Security guard can sue air show despite workers comp settlementReprints
A security guard who was injured during an air show can pursue a lawsuit against the company that operated the event despite previously receiving workers compensation benefits from her employer, a Florida appellate court has ruled.
Alice Slora worked for U.S. Security Associates Inc., which provided event security at a March 2011 Polk County, Florida, air show operated by Sun 'n Fun Fly-In Inc., court records show.
A tornado hit during the show, overturning the security guard shack Ms. Slora was in and causing her to sustain injuries, according to records.
She filed a claim for workers compensation benefits and settled with U.S. Security, records show.
In August 2013, Ms. Slora filed a negligence claim in the Circuit Court for Polk County against Sun 'n Fun Fly-In, according to records. She alleged that the tornado was foreseeable, and that the company “failed to maintain the guard shack in a reasonably safe condition and to warn invitees of the risks of injury from foul weather.”
Sun 'n Fun argued that the workers comp benefits provided to Ms. Slora by U.S. Security were the exclusive remedy for her injuries and that immunity is extended to a contractor, records show.
The Circuit Court found that certificates of waiver issued to Sun 'n Fun by the Federal Aviation Administration established a “contractual relationship,” according to records. The court granted summary judgment in favor of Sun 'n Fun, as the FAA required the company to provide security at the air show, among other conditions, and that the contractual relationship entitled Sun 'n Fun to immunity as a matter of law.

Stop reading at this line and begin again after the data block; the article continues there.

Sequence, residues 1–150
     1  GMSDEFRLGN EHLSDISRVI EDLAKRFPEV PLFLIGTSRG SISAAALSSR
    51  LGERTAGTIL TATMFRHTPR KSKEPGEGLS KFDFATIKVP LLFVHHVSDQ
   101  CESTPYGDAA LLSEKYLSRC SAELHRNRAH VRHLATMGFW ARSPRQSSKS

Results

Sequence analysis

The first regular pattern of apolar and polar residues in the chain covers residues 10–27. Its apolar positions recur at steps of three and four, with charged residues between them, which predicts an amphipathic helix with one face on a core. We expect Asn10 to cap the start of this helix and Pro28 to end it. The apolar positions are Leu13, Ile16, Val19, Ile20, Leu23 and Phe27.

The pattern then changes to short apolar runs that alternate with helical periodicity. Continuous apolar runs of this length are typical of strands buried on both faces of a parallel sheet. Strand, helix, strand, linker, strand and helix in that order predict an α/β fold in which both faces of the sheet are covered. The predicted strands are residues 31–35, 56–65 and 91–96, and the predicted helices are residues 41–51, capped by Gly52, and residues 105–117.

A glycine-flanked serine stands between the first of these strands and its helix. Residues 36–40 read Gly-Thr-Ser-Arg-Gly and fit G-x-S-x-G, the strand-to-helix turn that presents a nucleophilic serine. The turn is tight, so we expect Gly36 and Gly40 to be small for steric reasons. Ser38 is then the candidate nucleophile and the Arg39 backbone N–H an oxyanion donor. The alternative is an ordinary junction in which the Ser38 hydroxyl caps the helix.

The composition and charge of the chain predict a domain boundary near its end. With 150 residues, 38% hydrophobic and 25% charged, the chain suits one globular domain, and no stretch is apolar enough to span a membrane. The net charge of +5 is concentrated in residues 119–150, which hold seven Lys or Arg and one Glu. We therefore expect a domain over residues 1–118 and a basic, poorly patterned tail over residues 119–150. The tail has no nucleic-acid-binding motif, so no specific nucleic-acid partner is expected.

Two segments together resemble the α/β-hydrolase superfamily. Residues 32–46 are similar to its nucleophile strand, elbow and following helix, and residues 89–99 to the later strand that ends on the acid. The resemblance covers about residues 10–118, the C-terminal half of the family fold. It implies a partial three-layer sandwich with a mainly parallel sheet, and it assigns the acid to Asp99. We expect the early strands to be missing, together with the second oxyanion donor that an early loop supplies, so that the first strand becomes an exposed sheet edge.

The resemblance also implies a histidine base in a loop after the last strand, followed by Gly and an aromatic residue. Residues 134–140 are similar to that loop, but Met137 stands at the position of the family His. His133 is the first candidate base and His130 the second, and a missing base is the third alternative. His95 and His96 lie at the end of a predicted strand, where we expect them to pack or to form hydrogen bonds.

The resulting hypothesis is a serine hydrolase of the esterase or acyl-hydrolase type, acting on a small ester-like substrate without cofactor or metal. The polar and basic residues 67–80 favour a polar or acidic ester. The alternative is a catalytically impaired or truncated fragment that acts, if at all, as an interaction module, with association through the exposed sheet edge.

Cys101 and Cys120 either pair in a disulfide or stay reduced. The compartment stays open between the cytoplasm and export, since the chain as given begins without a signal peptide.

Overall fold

Ms. Slora appealed, and on Wednesday a unanimous three-judge panel of Florida's 2nd District Court of Appeal reversed the ruling and remanded the case for further proceedings.
To be entitled to immunity, Sun 'n Fun needed to show it had a “contractual obligation” to the FAA, and that it “delegated or sublet” part of that obligation to U.S. Security, the appellate court's ruling states.
However, the certificates of waiver appear to be regulatory permits or licenses — not contracts, which facilitate an exchange of promise between two or more parties for a mutually beneficial purpose, according to the ruling.
“Accordingly, the circuit court erred in granting summary judgment to Sun 'n Fun on the theory that it was immune from tort liability as a 'contractor' under Florida's Workers' Compensation Law,” the ruling states.